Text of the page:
By Ronnie Ellis
CNHI News Service
FRANKFORT ― The Madison County Health Department is among the local health agencies that soon could be getting money through a court ruling that one of the state’s Medicaid managed-care organizations must pay for treatments provided by school nurses.
On Monday, Franklin Circuit Judge Phil Shepherd told attorneys for the Cabinet for Health and Family Services and Kentucky Spirit, the Managed Care Organization (MCO), he is “inclined” to order the state to pay the health departments out of money it is withholding from Kentucky Spirit.
In May, Shepherd ruled Kentucky Spirit must pay $7.9 million for the school services provided by local health departments. The state has been withholding payment to the MCO until it complies and was in court Monday on a motion to compel Kentucky Spirit to post bonds to cover the disputed payments while Kentucky Spirit appeals the May ruling.
Christie Green, health department spokesperson, confirmed Monday that Madison County is a party to the court action. The department has $379,000 in Medicaid claims being held up by Kentucky Spirit, David Reed, its chief financial officer, told the health board June 5.
“I would rather allow (the state to make the payments) than to post additional bonds,” Shepherd said after the state’s attorney, Richard Sullivan, said such an order would “be helpful” in securing federal Medicaid approval.
But Shepherd said the state would make the payment at its own risk. If Kentucky Spirit wins an appeal of Shepherd’s earlier ruling, it would be the state, rather than local health departments, which would have to refund the money.
Before Kentucky moved to a managed care delivery system for Medicaid, it paid health departments for the school nurse services. The other MCOs have made payments for the school nurse services but Kentucky Spirit objected to paying for the services because the nurses aren’t under direct, immediate supervision by a doctor.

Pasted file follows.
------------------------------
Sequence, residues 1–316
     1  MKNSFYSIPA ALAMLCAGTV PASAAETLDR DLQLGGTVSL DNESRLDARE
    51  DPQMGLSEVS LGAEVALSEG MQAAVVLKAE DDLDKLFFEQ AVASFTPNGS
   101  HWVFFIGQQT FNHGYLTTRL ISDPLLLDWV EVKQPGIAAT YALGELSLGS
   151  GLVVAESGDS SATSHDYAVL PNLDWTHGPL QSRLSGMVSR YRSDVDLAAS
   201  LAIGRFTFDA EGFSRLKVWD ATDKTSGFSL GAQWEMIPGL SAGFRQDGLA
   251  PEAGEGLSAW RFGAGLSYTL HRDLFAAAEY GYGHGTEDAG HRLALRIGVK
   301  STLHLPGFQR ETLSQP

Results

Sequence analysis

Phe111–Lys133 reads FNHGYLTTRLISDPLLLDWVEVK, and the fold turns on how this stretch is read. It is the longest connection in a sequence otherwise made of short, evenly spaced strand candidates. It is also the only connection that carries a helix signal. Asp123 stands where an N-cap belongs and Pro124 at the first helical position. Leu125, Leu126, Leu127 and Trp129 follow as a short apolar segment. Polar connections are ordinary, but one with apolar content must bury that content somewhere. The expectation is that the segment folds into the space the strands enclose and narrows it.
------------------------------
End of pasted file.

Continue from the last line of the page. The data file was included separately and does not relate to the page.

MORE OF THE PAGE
When he issued his May ruling, Shepherd said the nurses work under doctor supervision even if the doctor is not present in the school building when the treatment is provided.
Kentucky Spirit is also attempting to break its contract with the state and cease operations in Kentucky, claiming the state underestimated costs of delivering services to Medicaid clients.
In another health care-related suit, Shepherd set a July 25 date to hear arguments in a suit filed by David Adams, a tea party activist, who claims Gov. Steve Beshear did not have the authority to establish a Health Benefit Exchange.
The exchange is an online website where individuals and some small businesses can shop for affordable health insurance.
The Beshear administration sought to have the case dismissed, but Shepherd ruled Adams has standing as a taxpayer to pursue the case. Adams’ attorney, Michael Dean, has filed a motion for a summary judgment in favor of Adams.
Beshear re-issued in amended form his original executive order establishing the exchange and Adams claims that isn’t legal. But Shepherd said the re-issued order does not substantively alter the arguments about a summary judgment.
Shepherd will allow attorneys for the state to respond to the motion and hear arguments on July 25.
Ronnie Ellis writes for CNHI News Service and is based in Frankfort. Reach him at firstname.lastname@example.org. Follow CNHI News Service stories on Twitter at www.twitter.com/cnhifrankfort.